Whatever Works: Feminists of Faith Speak, A Girl God Anthology– Book Review by Kate Brunner


Kate Brunner profile picIf you have yet to be introduced to Trista Hendren’s world of The Girl God, this anthology is the perfect opportunity to make her acquaintance. If you have, welcome to a whole new level of powerful creations exploring feminism and religion. Whatever Works: Feminists of Faith Speak, is the latest in The Girl God series, released just last month. While previous works from The Girl God collection focused on connecting children to the Sacred Feminine, this work is aimed at a significantly older audience. Edited by Trista Hendren & Pat Daly, this is a collection of beautifully eclectic voices from across spiritual traditions. With a quick glance at the Table of Contents, regular readers of FAR will recognize some familiar names right away including the Preface, which was written by Dr. Amina Wadud, and an essay by Vanessa Rivera de la Fuente about Imman & the “A Women’s Mosque” project. In fact, the anthology has much in common with FAR in its approach to inviting a variety of voices, and introducing a variety of topics into feminist religious dialogue.

whatever_works_coverThe collection is only broadly thematic. All contributors are Feminists of Faith, but the voices within speak to a wide assortment of varied topics they present at each of their personal crossroads of lived feminism and practiced faith. By engaging with this one project, you can explore the concept of Triple Goddess in Hinduism as a pathway to female empowerment and a few pages later, you can explore a portion of Hebrew Scripture through the lens of feminist epistemology. You can experience how one woman used motherhood to express her spiritual and political resistance to patriarchy and how another channeled the voice of the Sacred Feminine to comfort a dying friend. Some essays are quite academic, while others are extremely personal. Some will make you think, question, or argue. Some will elicit laughter. Some tears.

This is not a be all to end all collection. From what I can gather, it was never intended to be such. So a reader should not approach this volume as a tidy, complete work of cogent theme or argument. It is a beginning; a starting point. It asks you to consider another voice, another perspective. It soothes you with one piece, triggers you with another, and leaves you wanting more. Whatever Works is written by Feminists of Faith for feminists of faith who are always learning, always growing, always looking to discover what else they can say, do, or consider to contribute further to the evolving conversation about how we might use our feminism and our faith to heal ourselves and the world around us.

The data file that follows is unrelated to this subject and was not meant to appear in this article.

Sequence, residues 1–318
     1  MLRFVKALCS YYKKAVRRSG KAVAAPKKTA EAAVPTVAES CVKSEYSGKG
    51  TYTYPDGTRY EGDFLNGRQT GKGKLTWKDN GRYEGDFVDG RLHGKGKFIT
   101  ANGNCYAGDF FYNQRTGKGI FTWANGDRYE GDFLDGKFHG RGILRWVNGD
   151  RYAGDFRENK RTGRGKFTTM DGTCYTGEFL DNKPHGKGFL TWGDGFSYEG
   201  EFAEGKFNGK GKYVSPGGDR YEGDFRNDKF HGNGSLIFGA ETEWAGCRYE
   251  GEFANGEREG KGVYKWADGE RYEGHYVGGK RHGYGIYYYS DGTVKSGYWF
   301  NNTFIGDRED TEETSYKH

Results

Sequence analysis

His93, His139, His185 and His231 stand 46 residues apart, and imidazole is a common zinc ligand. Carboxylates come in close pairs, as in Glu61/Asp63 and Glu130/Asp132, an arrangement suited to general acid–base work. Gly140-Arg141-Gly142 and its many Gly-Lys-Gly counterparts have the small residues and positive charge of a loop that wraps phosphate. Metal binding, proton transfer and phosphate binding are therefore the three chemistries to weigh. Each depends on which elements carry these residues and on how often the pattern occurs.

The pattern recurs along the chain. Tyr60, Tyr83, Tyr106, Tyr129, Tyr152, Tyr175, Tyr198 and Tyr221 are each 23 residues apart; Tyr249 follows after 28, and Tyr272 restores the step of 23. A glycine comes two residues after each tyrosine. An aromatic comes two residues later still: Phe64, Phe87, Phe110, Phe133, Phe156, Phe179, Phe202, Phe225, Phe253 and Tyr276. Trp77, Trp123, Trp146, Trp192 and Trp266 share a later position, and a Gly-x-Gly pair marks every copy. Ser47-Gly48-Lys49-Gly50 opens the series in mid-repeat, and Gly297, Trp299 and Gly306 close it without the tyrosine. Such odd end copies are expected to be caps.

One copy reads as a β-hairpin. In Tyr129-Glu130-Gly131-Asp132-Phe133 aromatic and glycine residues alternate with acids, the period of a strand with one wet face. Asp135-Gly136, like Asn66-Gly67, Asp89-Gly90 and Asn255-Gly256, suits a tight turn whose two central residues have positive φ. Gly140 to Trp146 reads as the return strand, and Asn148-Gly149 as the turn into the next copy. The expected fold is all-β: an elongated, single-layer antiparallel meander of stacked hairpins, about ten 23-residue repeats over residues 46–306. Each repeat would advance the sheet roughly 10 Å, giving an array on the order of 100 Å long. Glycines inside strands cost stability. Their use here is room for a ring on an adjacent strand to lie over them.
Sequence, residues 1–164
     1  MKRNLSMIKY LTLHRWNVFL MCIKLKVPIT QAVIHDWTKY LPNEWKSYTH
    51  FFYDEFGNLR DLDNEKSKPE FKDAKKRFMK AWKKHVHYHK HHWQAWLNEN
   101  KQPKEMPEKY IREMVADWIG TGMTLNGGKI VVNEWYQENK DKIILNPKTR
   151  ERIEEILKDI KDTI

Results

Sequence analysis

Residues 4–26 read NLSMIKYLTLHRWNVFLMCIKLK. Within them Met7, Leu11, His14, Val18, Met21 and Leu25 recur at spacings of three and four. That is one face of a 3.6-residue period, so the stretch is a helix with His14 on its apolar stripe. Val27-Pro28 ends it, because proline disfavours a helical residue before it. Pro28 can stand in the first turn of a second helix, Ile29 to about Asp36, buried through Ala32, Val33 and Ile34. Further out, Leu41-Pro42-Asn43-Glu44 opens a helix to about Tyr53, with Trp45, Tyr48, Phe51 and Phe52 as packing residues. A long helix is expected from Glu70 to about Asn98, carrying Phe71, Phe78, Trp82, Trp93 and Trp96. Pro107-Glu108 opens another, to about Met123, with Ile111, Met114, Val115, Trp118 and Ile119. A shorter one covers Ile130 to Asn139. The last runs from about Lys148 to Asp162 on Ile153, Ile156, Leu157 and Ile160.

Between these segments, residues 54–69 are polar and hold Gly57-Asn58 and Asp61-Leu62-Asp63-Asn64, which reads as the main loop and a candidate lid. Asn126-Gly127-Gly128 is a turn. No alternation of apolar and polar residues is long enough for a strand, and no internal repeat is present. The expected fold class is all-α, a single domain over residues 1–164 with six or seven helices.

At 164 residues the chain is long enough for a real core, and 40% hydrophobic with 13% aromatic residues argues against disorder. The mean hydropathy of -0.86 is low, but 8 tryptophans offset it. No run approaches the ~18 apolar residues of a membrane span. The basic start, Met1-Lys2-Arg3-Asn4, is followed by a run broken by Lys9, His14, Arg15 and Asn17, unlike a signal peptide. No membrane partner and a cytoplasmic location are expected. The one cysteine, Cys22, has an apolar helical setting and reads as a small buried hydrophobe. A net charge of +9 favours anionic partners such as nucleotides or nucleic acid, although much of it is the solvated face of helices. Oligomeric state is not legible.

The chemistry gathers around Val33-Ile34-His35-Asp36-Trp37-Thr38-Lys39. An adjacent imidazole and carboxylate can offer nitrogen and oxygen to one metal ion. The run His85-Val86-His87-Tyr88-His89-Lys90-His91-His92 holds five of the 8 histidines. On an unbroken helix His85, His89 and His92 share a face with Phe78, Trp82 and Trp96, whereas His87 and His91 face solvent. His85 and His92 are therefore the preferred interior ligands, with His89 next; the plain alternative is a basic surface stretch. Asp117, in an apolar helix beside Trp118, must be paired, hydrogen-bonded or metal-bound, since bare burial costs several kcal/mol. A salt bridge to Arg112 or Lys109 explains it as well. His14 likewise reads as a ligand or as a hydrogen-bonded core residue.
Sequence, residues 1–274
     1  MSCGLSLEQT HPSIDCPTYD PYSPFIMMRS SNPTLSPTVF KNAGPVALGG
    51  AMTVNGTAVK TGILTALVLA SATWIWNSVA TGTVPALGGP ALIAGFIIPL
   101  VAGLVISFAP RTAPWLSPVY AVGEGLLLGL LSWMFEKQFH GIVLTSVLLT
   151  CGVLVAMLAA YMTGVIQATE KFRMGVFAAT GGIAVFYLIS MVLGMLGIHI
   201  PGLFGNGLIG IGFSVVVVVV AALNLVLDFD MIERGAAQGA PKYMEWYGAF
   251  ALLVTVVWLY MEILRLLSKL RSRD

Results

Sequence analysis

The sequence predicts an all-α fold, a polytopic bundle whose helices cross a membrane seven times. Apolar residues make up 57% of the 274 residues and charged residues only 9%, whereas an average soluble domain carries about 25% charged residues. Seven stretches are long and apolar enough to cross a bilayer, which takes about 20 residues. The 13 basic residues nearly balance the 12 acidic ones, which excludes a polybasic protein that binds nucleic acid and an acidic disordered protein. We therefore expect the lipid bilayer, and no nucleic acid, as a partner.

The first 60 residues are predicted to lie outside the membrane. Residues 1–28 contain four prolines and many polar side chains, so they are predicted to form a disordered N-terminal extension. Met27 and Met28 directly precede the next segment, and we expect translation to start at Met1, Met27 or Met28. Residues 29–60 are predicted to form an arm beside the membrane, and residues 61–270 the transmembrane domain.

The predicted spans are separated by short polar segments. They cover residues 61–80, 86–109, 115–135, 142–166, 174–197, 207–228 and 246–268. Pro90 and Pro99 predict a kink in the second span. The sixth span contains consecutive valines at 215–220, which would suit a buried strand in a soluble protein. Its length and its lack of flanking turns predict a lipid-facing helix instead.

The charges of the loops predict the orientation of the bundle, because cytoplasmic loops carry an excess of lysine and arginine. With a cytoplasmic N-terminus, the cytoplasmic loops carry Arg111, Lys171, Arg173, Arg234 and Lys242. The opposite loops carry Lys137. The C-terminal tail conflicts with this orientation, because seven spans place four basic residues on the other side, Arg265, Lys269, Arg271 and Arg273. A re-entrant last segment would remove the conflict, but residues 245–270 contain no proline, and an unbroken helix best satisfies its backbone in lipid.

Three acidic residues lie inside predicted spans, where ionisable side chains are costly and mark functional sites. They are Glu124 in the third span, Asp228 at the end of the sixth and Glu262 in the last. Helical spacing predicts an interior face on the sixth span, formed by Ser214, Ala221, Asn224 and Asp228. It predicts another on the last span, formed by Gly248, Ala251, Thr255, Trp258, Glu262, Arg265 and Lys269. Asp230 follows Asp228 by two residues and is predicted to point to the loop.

For my part, I found several topics I now wish to push deeper into exploring in my own life and work—feminism within indigenous traditions and spiritually based, non-indigenous ally-ship, the exploration of our relationship with money as feminists of faith, & the re-illumination of the herstory of female spiritual leaders across traditions.

Whatever Works: Feminists of Faith Speak is a good investment in continued engagement at the crossroads of feminism and religion. I believe our FAR readership would have much to gain in exploring this anthology of strong, diverse voices.

 

Kate Brunner is a writer, healer, ritualist, & member of The Sisterhood of Avalon, studying at the Avalonian Thealogical Seminary. She is a somewhat nomadic American, homeschooling her children with the world as their classroom. Before motherhood, Kate earned a Bachelor of Arts from Tulane University, while studying Economics, International Relations, & Religion. She served four years as a logistics officer in the US Army, after which, Kate became a doula and holistic birth educator. She is a regular contributor to The Sisterhood of Avalon’s online journal, The Tor Stone and is active in the Red Tent Movement. Kate volunteered in Houston as a presenter for monthly Red Tents and semi-annual women’s retreats before relocating overseas. In Australia, she hosted seasonal women’s gatherings, facilitates labyrinth rituals, and established a Sisterhood of Avalon Learning Circle. She recently returned to the US and is breathing into the potential of a new chapter of life for her and her family.

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Categories: Books, Feminism and Religion, General, Review

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3 replies

  1. Will suggest this for my book club. Thank you for the review!
    (Love the cover picture).

    Like

  2. Thanks for the review. This sounds like an interesting book. I’ll add it to my to-read list.

    Like

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